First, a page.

Behind The Headlines: Second Quarter Perspective

Robert is a member of The Motley Fool Blog Network -- entries represent the personal opinion of the blogger and are not formally edited.

The first quarter provided some impressive returns with the closely watched Dow turning in an 8.1% gain; it's best first quarter since 1998.  However, just a couple of holiday-shortened weeks into April and we’re starting to see some of those gains rapidly deteriorate.  As of April 11, the Dow has already given back almost 40% of its YTD gains.  Lots of hype has surrounded the Dow’s nearly 25% gain from its Oct. 2011 lows, yet statistics like that can be misleading when you consider that the index was basically 50 points lower the other day from where it closed in late April a year ago at 12,760.  This behind-the-scenes fact illustrates that the market remains a stagnant pool for growth, creating very little wealth by price appreciation alone. 

While you won’t find those details in today’s headlines, other facts, such as the role central banks play in the global economy, unemployment, and even the VIX (also known as the fear indicator) do get lots of press and continue to support our belief that a market pullback is likely to take place in the second quarter. 

In the past, the VIX, which has ranged from a high reading of 45 back in Oct. 2011 to a recent low of 15, has marked major market peaks and valleys.  Readings near 15 in April 2011, April 2010, and in April 2008 pointed to market peaks.  We believe the VIX at these levels suggests a pullback.  Combine that with lackluster job report from March and no plans from either the European or US central banks to print money, and you get a recipe for uncertainty, which usually douses the fire of a hot market.

Heading into earnings season, we will be closely watching a variety of data for any indications of emerging trends and opportunities.  Alcoa, the first major company reporting, surprised to the upside, but they don’t offer as much insight as a company such as Coca-Cola (NYSE: KO), which reports next week, because they generate significant revenues both here domestically and abroad.  We’ll monitor how rising fuel costs may be affecting them and pay attention to what sales volumes in China and Europe portend for global growth and the likelihood for a deepening recession in Europe.  Currently, we feel the price of KO is trading ahead of our fair-value estimate of $70 and expect investors will have the opportunity to pick it up below $68 before its next dividend payment later this summer.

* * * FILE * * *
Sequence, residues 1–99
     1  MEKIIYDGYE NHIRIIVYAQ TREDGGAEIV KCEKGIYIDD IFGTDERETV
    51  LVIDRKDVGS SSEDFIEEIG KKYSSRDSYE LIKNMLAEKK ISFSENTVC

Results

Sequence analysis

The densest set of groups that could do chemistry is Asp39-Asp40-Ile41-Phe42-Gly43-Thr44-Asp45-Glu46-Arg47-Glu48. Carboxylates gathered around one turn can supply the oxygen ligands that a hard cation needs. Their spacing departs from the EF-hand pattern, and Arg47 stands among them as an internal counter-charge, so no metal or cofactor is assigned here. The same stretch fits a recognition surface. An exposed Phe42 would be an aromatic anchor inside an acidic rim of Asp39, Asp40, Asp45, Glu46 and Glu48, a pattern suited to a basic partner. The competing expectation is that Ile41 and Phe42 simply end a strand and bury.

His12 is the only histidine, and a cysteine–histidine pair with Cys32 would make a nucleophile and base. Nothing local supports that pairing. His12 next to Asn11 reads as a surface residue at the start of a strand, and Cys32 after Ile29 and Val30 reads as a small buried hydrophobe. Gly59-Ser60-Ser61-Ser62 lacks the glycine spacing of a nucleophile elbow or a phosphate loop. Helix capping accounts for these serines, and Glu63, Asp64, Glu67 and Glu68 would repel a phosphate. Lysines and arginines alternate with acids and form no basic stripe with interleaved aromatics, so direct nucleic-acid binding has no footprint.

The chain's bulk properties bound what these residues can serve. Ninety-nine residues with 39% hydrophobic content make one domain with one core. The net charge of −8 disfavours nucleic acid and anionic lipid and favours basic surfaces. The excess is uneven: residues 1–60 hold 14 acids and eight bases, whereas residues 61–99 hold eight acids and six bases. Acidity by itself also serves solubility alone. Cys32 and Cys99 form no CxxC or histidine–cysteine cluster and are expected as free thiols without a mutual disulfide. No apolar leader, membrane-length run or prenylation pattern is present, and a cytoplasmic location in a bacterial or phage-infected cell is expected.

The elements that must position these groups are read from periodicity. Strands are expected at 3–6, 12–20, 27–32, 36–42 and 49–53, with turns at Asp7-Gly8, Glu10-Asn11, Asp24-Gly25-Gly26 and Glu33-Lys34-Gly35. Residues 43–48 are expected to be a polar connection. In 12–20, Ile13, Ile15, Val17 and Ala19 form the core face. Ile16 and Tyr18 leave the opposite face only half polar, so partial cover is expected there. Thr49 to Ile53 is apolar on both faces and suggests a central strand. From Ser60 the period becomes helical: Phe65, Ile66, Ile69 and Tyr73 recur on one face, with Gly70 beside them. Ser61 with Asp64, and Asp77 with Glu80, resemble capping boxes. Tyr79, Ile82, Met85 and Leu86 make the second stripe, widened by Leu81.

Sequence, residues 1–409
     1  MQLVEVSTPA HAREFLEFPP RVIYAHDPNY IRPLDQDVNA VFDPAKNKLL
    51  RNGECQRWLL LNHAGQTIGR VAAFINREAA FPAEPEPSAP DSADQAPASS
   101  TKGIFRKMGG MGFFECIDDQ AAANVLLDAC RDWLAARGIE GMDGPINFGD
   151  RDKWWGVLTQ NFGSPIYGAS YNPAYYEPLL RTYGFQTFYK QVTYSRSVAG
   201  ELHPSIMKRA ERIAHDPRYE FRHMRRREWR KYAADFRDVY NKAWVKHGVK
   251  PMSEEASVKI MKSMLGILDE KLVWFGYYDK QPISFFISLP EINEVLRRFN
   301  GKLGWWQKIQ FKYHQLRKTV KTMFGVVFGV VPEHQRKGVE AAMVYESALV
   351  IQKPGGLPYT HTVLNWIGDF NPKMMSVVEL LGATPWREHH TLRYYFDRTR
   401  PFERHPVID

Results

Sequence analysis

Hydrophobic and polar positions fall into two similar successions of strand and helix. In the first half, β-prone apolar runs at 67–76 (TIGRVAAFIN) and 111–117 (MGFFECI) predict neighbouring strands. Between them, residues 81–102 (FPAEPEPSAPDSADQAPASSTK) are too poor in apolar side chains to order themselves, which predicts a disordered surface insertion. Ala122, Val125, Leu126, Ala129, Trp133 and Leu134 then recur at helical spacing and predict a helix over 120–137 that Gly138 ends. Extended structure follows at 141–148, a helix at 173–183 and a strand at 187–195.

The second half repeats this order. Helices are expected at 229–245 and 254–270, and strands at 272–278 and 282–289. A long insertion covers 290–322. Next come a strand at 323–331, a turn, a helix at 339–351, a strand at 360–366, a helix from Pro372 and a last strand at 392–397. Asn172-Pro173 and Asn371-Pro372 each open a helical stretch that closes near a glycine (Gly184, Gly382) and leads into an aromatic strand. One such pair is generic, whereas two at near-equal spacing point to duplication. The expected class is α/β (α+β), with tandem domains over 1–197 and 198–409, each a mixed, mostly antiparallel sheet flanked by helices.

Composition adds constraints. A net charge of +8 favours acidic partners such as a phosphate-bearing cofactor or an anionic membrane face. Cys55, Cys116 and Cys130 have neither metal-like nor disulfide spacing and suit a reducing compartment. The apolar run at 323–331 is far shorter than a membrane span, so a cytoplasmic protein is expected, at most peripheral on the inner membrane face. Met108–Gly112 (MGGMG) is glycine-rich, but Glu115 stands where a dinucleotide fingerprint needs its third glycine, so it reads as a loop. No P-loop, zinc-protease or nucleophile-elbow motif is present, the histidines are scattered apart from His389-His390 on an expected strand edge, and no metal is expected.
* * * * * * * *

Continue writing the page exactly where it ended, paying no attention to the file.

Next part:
This Friday we’ll gain some global insight from China’s report on its GDP; and next week retail sales numbers will provide a good look at the health of the U.S. consumer.  Right now, we believe the warmer weather in Jan. and Feb. will have a negative effect on March retail sales results, which are typically higher in colder seasons as consumers are forced to come out of hibernation later and thus increase demand.  Even adjusting for seasonality, we think the U.S. consumer is spending more and that some positive surprises in both economic data and earnings reports this quarter will keep the recovery intact.  Albeit, in and around a healthy pullback due to global growth concerns, particularly in the Euro Zone, keeping the market below its all-time high of 14,100, at least for this year.

Based on our findings, investors may want to consider sticking with a sustainable, high-dividend theme that includes prospects for long-term capital appreciation as well.   At current valuations, we suggest investors remain painfully patient in selecting income oriented companies so as to not overpay for them. Therefore, consider establishing small, initial positions and building them up over time as a means of smoothing out the bumps we’re expecting.  One way to accomplish this is to select companies with a near-term dividend payment (usually less than 30-45 days away) and use the resulting income to help offset near-term volatility and/or pullbacks.  Specifically, we feel the growing weakness in the Euro Zone could offer income-oriented investors the opportunity to inexpensively capture some solid income through well-known international companies with trusted brands used every day, such as Unilever NV  (NYSE: UN) and France Telecom SA (NYSE: ORAN) for example. 

We like UN for its 3% dividend and well-known, global brands such as Dove, Ponds, Suave,TRESemme, and Noxzema to name a few. We have a 1-year price target on it of $35, which represents an 8% upside.  For FTE we have a 1-year price target of $17 and with it’s nearly 14% dividend and 217 million customer base, we feel it represents significant value for income oriented investors despite recession concerns in the Euro Zone. 

For the remainder of the year, we expect the Dow to fluctuate between 12,000 and 13,500, with the market ending the year in low double-digits based on a slowly but steadily improving U.S. economy and  further intervention by central banks later this year (likely in June/July).  The Stock Trader’s Almanac provides similar guidance from their historical analysis of first quarter results.  They show that in previous years, when January, February, and March all had positive returns, patient investors were rewarded with double digit returns at year-end.


Disclaimer: The above article has been written utilizing data from publicly available sources, which are believed to be reliable, and is provided for informational and educational purposes only. Investors should consider their personal situation and become intimately familiar with any investment, including its prospectus, before investing. Past performance and current yields are no guarantee of future results.

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